In reality, they had not. Shortlyafter the B-17s left, Major Benjamin Norris’ 11 Vindicators arrived and Zerosswarmed over them(Miracle 45). Norris, with no illusions about his old”Vibrators,” decided not to press on toward the carriers. He led his men intosome clouds.
Coming out of the cloud cover, Norris discovered a battleship below. It was Haruna, supposedly sunk in December 1941. “Attack target below,” Norrisradioed, and he led the Vindicators into a high-speed glide. Anti-aircraft gunson Haruna opened fire with an “extremely heavy and troublesome but inaccuratebarrage”(Stevens 121). Only two of Major Norris’ Vindicators were lost duringthe attack.
Three ditched at sea near Midway because of battle damage. Despitereports that they had scored two direct hits and three near-misses, theVindicator pilots had not even scratched Haruna. If the Battle of Midway hadended with the return of VMSB-241’s Vindicators, it would have been anothervictory for the Japanese. Midway had sent 52 aircraft against the Japanese andlost 19 without scoring a single hit. “From the time of the attack and the knownposition of the enemy carriers, we estimated they would be back in three or fourhours,” Kimes wrote (Stevens 54).
Only six Dauntlesses, seven Vindicators, oneBuffalo and a single Wildcat were left to oppose the Japanese. The defenders ofMidway steadied themselves for another air raid. Nothing happened. The onlyaircraft to show up were 11 Dauntlesses from the carrier Hornet at 11:00 a. m.
Some Marine gunners, believing they were Japanese planes, opened fire on theSBDs before recognizing their silhouettes. The Dauntlesses were refueled andback in the air by 2:00 p. m. At 3:58, Midway’s defenders received an indicationthat the Japanese were taking a beating when a PBY pilot reported “three burningships. ” At 5:45 he reported, “The three burning ships are Jap carriers.
” Thestricken vessels–Akagi, Kaga and Soryu–were the victims of SBD Dauntlessesfrom the American carriers Enterprise and Yorktown. At the same time out at sea,B-17s from Midway, along with six more Flying Fortresses from Hawaii, attackedthe Japanese carrier Hiryu, which had been damaged and set afire by dive bombersfrom Enterprise and Hornet. The B-17s claimed hitting the burning Hiryu, as wellas a cruiser and battleship, and sinking a destroyer. In fact, the land-basedbombers were no more successful in the afternoon than they had been in themorning. With all four of Nagumo’s carriers destroyed, Yamamoto decided he couldnot proceed with his plan to occupy Midway, and ordered his fleet to withdraw.
Midway’s defenders, however, still expected the Japanese to invade. CaptainSimard dispersed his PBYs, evacuated nonessential personnel and warned his PT-boats to expect a night attack. At 1:20 a. m. , the Japanese submarine I-168opened fire on Midway with its 5-inch deck gun.
Batteries B and E on EasternIsland, along with Battery D on Sand Island, returned fire with their 3- and 5-inch guns, lobbing 42 shells at I-168, which lobbed eight shells back. The briefexchange resulted in no damage to either side. Most of I-168’s shells fell inthe lagoon. The submarine submerged at 1:28, the Marine gunners ceased firingand Midway settled back into uneasy silence (Miracle 68). June 5, 1942, beganfor Midway’s defenders at 4:15 a.
m. , after Sand Island’s radio picked up areport from the submarine USS Tambor of a large enemy force possibly withinstriking distance. The Midway garrison still had every reason to believe that aninvasion was imminent. Within 15 minutes, eight B-17s took off from EasternIsland to counter the threat. The Army pilots could not locate the enemy shipsin the early morning fog, and by 6:00 a. m.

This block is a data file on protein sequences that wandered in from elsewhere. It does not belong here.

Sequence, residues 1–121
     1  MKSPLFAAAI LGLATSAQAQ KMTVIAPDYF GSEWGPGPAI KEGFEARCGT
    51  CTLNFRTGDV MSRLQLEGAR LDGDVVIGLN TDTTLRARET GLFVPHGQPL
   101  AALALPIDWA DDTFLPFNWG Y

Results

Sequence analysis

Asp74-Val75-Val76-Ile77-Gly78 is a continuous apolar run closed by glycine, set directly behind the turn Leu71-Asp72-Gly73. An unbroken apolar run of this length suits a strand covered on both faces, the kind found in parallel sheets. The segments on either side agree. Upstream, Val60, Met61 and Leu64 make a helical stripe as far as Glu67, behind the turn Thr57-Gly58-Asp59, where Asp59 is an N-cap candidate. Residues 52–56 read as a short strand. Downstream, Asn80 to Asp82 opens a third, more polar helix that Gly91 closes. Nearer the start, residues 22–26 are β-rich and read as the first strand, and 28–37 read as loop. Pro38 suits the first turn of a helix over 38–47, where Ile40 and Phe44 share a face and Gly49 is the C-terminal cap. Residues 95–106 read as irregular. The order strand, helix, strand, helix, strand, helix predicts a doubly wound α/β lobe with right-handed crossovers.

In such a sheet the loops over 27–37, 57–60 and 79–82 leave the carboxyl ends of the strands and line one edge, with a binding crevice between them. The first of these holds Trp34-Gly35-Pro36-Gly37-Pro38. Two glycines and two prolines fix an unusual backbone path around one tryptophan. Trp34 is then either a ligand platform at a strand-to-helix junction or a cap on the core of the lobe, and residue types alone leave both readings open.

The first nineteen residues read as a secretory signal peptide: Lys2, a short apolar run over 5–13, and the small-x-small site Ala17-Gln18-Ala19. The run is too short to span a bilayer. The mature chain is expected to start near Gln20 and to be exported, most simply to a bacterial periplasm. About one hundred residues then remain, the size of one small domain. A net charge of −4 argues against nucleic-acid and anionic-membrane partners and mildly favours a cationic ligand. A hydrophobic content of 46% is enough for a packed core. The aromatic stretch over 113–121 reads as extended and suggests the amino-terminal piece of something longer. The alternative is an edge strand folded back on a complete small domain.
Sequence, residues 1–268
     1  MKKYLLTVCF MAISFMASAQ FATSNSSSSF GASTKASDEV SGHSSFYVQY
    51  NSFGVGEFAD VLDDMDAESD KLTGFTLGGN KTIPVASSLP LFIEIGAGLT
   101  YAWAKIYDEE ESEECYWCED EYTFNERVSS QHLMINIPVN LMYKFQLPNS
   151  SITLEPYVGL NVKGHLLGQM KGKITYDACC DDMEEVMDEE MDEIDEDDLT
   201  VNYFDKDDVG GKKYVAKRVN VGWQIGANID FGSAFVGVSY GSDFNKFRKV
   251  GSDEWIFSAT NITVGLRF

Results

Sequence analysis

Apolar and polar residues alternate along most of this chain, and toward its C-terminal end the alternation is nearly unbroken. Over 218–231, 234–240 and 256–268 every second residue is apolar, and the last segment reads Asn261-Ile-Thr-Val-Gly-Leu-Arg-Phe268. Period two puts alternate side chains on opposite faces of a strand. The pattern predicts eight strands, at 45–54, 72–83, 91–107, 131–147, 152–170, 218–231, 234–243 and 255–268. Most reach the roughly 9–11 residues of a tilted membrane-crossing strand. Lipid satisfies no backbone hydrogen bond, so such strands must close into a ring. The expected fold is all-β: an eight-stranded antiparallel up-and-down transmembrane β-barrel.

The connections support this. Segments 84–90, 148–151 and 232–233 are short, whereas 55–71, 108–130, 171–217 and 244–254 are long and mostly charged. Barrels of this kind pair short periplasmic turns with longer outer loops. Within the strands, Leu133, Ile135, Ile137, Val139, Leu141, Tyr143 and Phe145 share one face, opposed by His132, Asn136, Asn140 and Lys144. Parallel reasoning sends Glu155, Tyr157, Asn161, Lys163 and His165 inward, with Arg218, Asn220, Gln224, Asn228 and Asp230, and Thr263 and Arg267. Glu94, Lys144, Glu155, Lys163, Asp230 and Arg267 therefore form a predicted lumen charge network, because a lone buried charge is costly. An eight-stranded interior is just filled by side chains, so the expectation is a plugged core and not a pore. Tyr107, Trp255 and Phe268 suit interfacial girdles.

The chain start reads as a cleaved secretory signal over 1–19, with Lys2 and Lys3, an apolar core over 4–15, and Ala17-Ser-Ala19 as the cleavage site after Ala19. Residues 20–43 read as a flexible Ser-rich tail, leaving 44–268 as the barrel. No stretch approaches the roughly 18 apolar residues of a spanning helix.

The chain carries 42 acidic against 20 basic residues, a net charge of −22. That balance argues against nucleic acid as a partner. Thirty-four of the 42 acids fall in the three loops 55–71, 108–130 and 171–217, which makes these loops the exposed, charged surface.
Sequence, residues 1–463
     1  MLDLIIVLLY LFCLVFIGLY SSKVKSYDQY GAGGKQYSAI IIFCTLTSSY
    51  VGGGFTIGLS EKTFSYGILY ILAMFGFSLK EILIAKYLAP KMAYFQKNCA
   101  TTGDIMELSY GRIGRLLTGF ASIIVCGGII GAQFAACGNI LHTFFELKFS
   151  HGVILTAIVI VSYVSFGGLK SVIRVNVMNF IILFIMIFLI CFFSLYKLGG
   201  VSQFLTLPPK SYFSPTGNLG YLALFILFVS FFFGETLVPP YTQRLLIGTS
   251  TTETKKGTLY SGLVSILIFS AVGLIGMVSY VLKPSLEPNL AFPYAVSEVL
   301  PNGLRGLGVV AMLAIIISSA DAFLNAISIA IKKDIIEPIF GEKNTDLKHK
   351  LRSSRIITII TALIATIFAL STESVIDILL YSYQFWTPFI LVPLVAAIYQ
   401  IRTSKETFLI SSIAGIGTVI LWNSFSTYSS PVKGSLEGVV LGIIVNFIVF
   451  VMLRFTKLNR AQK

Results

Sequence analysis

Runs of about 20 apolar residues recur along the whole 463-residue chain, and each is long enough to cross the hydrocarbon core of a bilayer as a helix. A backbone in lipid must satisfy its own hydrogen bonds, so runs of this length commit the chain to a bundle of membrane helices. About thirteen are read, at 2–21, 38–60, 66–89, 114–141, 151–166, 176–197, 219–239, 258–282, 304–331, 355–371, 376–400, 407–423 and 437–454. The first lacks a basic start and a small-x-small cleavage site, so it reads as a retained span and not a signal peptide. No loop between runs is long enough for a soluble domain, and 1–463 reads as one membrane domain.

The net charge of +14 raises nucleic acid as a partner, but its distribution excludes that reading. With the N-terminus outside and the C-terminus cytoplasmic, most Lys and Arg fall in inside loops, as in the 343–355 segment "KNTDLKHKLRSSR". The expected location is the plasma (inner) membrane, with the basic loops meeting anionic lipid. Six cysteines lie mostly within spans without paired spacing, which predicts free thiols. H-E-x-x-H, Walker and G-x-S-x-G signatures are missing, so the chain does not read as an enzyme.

the B-17s were circling nearby KureAtoll waiting for information. At 6:30, a Midway-based PBY reported, “Sighted 2battleships bearing 256 degrees, distance 125 miles, course 268 degrees, speed15. ” Two minutes later the PBY added, “Ships damaged, streaming oil. ” TheJapanese ships were retreating, and the island’s defenders breathed a collectivesigh of relief.
Marine Aircraft Group 22 sent up two flights from VMSB-241, sixDauntlesses under Captain Marshall A. Tyler and six Vindicators led by CaptainRichard E. Flemming, to attack the two “battleships,” actually the heavycruisers Mikuma and Mogami, damaged in a collision the night before. Forty-fiveminutes later, the Marine pilots spotted the oil slick left by the damagedcruisers and followed it to Mogami and Mikuma. Tyler led his six Dauntlessesinto an attack on Mogami amid heavy anti-aircraft fire. The Marines droppedtheir bombs, scoring a few near-misses.
At 8:40, minutes after Tyler’s attack,Flemming led his Vindicators out of the sun, through heavy flak from theJapanese ships, against Mikuma. Captain Leon M. Williamson, a pilot inFlemming’s flight, saw Flemming’s engine smoking during his dive. As Flemmingpulled out, his Vindicator burst into flames. Flemming–either by accident ordesign–crashed his blazing Vindicator into Mikuma’s aft 8-inch gun turret.
Thecrash started a fire that was sucked into the cruiser’s starboard engine roomair intakes, suffocating the engineers. After the Marines finished their attacks,the eight B-17s from Midway, led by Lt. Col. Brooke Allen, appeared and droppedtheir bombs, scoring a near-miss on Mogami. The damaged cruisers continuedlimping westward, and Mikuma sank at sunset the next day after attacks byaircraft from Enterprise and Hornet.
At 10:45 on June 6, 1942, Captain Simarddispatched 26 B-17s from Midway in search of Japanese cruisers reported headingsouthwest. The bombers did not locate the cruisers, but six B-17s dropped theirbombs on what they thought was a Japanese ship. The pilots reported that theyhad hit a cruiser, which “sunk in seconds. ” It was actually the submarine USSGrayling, which submerged when the Flying Fortresses dropped their bombs. WhileMidway’s bombers continued attacking the retreating Japanese, Simard had hisPBYs and PT-boats searching for downed pilots. Between June 4 and 9, Midway’sPBYs picked up 27 airmen.
By June 7, it had become apparent that Midway wassecure. The island’s garrison, for all the damage it had suffered, hadcontributed its fair share to the victory over the Japanese. This Battle hadended the Japanese offensive in the pacific ocean.Category: History